The group had cast mostly white actors to play characters who are African and Egyptian, which led to accusations of cultural appropriation and white-washing.
“It’s quite simple, really: if you are going to put on a production set in a particular place with a particular cultural context, then you need to reflect that with the ethnicity of actors,” one student had complained, according to The Tab.
Of course all productions are set in particular places with particular cultural contexts. Romeo and Juliet unfolds in medieval Italy, but I can’t recall anybody insisting that the cast be of Italian descent.
That’s because the actors are expected to, well, act. Stepping into characters who are utterly unlike the people playing them is the whole point. If actors were always just playing themselves, it wouldn’t be challenging or fulfilling.
This idea that human beings should be confined to forms of artistic expression that comport with their ethnic makeup and ancestral culture ought to be stridently resisted by modern society, as author Lionel Shriver argued in a recent speech:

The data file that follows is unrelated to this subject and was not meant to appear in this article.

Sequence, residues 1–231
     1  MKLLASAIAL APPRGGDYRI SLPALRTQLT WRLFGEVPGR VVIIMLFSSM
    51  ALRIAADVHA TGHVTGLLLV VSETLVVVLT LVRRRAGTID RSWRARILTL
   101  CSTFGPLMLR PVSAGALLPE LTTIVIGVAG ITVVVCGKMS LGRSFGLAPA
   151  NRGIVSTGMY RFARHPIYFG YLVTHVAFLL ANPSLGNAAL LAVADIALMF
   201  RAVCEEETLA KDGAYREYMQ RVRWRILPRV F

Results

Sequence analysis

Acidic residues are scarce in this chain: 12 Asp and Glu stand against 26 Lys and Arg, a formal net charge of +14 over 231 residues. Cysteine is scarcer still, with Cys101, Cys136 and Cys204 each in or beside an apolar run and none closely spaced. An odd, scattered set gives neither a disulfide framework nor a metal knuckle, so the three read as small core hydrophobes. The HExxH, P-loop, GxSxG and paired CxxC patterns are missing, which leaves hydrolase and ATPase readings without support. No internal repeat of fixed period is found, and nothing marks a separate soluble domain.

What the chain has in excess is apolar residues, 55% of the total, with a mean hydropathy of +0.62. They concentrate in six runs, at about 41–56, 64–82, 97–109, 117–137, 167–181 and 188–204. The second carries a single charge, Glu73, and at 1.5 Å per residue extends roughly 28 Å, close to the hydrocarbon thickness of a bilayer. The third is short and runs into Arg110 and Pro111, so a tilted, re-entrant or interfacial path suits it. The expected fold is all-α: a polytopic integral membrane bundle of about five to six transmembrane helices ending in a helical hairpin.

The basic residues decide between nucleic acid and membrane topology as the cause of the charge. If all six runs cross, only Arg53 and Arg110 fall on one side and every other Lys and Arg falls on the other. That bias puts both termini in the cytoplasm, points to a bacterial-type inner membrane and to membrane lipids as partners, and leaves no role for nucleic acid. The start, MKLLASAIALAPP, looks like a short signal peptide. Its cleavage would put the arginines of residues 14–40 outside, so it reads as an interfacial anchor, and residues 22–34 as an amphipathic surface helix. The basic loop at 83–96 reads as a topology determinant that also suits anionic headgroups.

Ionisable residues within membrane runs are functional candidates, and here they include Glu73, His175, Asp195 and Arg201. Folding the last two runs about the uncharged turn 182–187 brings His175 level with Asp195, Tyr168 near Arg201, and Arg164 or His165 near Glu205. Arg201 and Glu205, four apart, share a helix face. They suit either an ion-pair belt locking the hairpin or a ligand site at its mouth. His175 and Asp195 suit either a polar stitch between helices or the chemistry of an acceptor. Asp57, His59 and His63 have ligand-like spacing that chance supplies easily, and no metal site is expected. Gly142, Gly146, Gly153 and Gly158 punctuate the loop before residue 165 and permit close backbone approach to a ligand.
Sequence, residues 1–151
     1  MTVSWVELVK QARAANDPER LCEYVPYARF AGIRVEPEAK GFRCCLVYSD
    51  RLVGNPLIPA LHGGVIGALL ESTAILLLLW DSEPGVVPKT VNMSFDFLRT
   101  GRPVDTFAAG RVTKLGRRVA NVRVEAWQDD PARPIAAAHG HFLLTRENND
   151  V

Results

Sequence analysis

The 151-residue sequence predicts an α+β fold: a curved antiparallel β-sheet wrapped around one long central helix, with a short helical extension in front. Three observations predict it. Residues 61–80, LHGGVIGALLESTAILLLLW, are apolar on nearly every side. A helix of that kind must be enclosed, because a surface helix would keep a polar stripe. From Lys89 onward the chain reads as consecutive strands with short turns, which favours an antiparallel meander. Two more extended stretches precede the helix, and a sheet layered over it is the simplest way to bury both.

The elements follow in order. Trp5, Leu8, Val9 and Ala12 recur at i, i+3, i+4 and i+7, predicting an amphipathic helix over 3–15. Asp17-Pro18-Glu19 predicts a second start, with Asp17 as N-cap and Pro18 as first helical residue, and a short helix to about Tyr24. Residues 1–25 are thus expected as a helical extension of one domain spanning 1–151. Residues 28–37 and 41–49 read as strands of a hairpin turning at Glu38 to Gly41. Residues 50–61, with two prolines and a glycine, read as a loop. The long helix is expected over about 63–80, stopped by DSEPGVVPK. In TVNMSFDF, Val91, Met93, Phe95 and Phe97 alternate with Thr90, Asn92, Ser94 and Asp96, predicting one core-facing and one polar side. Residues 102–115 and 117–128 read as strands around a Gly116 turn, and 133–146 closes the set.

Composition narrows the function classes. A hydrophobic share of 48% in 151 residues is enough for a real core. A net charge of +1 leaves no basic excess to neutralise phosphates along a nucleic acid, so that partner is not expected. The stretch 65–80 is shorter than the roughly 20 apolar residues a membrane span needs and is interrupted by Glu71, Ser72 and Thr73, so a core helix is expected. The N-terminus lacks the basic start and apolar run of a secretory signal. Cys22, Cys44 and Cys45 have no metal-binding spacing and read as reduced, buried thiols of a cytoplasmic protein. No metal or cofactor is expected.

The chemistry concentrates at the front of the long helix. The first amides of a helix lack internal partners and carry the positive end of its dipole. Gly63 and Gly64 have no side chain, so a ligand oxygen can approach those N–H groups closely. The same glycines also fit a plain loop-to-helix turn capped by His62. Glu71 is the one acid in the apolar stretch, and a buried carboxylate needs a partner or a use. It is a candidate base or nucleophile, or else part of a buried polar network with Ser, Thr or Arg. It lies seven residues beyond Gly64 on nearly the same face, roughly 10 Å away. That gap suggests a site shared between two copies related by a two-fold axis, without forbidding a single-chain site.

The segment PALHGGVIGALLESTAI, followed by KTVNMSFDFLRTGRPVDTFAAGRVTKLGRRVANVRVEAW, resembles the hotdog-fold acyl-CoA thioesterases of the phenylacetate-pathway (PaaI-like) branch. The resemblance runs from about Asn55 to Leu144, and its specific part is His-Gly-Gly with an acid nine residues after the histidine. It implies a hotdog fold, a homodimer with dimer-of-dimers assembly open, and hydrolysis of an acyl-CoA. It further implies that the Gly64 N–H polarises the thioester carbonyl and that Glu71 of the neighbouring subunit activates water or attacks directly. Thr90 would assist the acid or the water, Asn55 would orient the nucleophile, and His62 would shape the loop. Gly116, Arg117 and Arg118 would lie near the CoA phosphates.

The ultimate endpoint of keeping out mitts off experience that doesn’t belong to us is that there is no fiction. Someone like me only permits herself to write from the perspective of a straight white female born in North Carolina, closing on sixty, able-bodied but with bad knees, skint for years but finally able to buy the odd new shirt. All that’s left is memoir.
In any case, Music Theatre Bristol has cancelled the performance. “Of course we would not want to cause offence in any way, and that was certainly never our intention,” the group write on Facebook.
But offense is a two-way street: I’m offended that they’re not showing the play. And I suspect I’m not alone. There are probably some students—perhaps even students of African and Egyptian descent—who were looking forward to having one of their stories told on stage.
What a perfect reminder that the endgame of the cultural appropriation warriors is a world with less diversity.